Education Policy Analytics Lab

Principal turnover: Upheaval and uncertainty in charter schools?

Authors: Yongmei Ni, Min Sun, & Andrea Rorrer

Abstract: Purpose: Informed by literature on labor market and school choice, this study aims to examine the dynamics of principal career movements in charter schools by comparing principal turnover rates and patterns between charter schools and traditional public schools.

Research Methods/Approach: This study uses longitudinal data on Utah principals and schools from 2004 to 2011. The Aalen-Johansen estimator and discrete-time competing risk models are used to analyze principal turnover rates and transition patterns in charter schools in relation to those in traditional schools. We also explore the extent to which school contextual and principal background factors contribute to principal turnover.

Findings: Our analyses show that charter schools had a higher principal turnover rate than traditional schools and very different principal transition patterns. When charter principals left, they tended to move to non-principal positions or leave the Utah public school system altogether, instead of moving to another school as principals. In contrast, when traditional school principals left, they tended to continue to be principals in another school, mostly within the same school district.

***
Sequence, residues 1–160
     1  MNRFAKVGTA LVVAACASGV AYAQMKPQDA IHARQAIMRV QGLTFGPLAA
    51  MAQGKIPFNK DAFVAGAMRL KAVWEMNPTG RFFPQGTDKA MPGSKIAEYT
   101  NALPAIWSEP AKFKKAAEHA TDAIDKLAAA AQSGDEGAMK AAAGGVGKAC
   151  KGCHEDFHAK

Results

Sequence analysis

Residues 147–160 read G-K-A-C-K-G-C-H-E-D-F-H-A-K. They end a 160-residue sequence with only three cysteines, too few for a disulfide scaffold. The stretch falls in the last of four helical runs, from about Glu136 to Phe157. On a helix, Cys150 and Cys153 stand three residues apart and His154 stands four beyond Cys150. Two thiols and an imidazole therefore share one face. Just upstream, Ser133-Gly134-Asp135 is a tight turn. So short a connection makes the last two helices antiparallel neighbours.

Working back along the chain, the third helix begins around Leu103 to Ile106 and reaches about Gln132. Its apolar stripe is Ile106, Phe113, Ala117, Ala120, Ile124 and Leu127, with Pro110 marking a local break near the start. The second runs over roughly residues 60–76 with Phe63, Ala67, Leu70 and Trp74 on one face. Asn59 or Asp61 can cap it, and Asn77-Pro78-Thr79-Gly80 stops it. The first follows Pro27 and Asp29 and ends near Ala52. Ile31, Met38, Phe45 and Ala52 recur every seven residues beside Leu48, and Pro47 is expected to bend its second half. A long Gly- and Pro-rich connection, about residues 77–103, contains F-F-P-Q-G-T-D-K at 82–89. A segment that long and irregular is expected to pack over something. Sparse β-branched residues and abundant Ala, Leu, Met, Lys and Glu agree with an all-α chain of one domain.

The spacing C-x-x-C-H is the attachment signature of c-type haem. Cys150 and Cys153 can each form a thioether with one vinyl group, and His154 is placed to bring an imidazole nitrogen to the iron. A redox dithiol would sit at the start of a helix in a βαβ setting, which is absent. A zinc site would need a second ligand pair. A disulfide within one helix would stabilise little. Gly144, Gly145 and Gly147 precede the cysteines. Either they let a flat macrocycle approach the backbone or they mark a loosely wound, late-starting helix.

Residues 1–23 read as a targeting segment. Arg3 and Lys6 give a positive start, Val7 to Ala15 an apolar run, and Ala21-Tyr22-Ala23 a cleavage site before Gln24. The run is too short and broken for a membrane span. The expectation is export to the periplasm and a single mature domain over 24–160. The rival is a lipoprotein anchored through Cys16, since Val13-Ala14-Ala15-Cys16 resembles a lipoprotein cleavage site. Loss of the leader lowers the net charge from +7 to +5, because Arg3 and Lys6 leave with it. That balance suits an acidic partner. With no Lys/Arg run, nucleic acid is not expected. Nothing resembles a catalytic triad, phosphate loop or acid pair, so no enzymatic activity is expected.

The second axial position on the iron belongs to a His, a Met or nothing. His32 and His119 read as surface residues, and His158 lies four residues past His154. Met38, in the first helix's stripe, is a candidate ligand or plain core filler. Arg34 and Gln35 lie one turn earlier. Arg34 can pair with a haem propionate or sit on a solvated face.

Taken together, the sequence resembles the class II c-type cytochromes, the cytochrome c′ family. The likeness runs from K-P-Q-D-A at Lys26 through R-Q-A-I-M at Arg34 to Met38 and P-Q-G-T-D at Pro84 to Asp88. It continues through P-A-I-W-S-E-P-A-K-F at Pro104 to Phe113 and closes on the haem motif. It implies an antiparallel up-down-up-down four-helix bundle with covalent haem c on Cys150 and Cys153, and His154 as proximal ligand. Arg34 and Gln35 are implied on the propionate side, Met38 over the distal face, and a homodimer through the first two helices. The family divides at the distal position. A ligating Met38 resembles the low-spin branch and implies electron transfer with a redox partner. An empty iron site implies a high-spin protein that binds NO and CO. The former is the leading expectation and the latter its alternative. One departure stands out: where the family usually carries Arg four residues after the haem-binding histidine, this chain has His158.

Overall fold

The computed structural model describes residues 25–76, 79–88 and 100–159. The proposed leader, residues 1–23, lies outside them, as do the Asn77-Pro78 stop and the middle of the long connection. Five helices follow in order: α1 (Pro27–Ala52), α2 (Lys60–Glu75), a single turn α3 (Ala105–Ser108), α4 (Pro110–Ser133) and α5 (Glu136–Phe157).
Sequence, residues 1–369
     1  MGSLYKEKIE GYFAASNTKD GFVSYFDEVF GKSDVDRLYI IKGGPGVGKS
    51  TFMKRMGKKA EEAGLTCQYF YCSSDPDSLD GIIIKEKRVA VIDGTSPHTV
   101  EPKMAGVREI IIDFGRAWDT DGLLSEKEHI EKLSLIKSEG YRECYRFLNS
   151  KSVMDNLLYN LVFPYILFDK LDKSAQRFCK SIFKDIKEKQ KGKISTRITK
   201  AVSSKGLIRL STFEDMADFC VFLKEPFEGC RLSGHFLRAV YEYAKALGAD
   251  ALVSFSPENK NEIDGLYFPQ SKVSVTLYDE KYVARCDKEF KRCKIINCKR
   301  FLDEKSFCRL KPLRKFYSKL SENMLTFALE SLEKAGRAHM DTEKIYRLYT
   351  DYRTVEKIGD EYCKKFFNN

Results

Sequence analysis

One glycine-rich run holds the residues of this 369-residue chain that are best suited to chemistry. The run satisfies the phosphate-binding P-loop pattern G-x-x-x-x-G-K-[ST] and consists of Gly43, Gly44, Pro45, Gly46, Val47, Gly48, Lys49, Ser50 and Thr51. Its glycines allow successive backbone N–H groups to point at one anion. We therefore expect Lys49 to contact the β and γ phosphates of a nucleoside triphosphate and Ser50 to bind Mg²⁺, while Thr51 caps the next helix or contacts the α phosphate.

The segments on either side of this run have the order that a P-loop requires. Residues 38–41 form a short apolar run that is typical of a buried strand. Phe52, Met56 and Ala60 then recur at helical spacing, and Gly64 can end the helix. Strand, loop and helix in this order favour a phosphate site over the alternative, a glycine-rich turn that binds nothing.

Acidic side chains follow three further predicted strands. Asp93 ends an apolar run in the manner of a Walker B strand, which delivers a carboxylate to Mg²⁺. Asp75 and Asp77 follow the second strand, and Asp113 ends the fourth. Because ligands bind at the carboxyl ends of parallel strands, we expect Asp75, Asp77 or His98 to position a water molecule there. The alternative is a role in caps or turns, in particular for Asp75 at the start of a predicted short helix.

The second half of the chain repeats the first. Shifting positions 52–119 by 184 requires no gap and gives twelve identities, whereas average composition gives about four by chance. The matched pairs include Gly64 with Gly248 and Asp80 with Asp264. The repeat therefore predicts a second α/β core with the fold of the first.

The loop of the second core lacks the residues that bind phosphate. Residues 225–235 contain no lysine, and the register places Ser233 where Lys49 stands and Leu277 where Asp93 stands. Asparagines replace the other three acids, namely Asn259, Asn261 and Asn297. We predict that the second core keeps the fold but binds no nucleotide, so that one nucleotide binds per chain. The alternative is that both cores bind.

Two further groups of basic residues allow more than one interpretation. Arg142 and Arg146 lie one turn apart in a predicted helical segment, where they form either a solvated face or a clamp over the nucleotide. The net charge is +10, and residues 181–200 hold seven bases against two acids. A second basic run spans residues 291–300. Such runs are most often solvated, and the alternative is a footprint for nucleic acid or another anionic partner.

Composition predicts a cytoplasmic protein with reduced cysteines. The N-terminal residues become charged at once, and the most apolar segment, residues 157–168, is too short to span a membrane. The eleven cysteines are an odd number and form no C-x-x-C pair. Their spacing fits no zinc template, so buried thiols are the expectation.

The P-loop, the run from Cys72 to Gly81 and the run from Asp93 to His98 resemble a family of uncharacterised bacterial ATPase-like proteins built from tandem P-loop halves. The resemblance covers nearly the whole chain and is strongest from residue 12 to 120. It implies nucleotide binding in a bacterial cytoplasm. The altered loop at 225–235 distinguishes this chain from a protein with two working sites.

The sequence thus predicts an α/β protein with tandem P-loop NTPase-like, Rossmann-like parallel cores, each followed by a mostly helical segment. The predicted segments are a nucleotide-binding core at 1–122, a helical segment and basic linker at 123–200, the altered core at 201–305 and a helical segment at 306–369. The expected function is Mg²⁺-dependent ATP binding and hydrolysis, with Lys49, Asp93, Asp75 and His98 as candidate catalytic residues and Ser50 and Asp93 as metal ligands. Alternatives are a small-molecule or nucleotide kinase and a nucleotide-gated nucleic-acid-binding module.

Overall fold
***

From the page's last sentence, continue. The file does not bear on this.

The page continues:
Conclusions and Implications: The findings suggest that unlike the traditional school principal position that is often regarded as a “stepping stone” along an established career path, the charter school principal position is more likely to be a “stopping point.” This may cause overall principal shortage in charter schools and highlights the need for supportive systems that develop and sustain strong leadership in charter schools.

Principal turnover: Upheaval and uncertainty in charter schools?

APA Citation: Ni, Y., Sun, M., & Rorrer, A. (2015). Principal turnover: Upheaval and uncertainty in charter schools? Educational Administration Quarterly, 51(3), 409–437.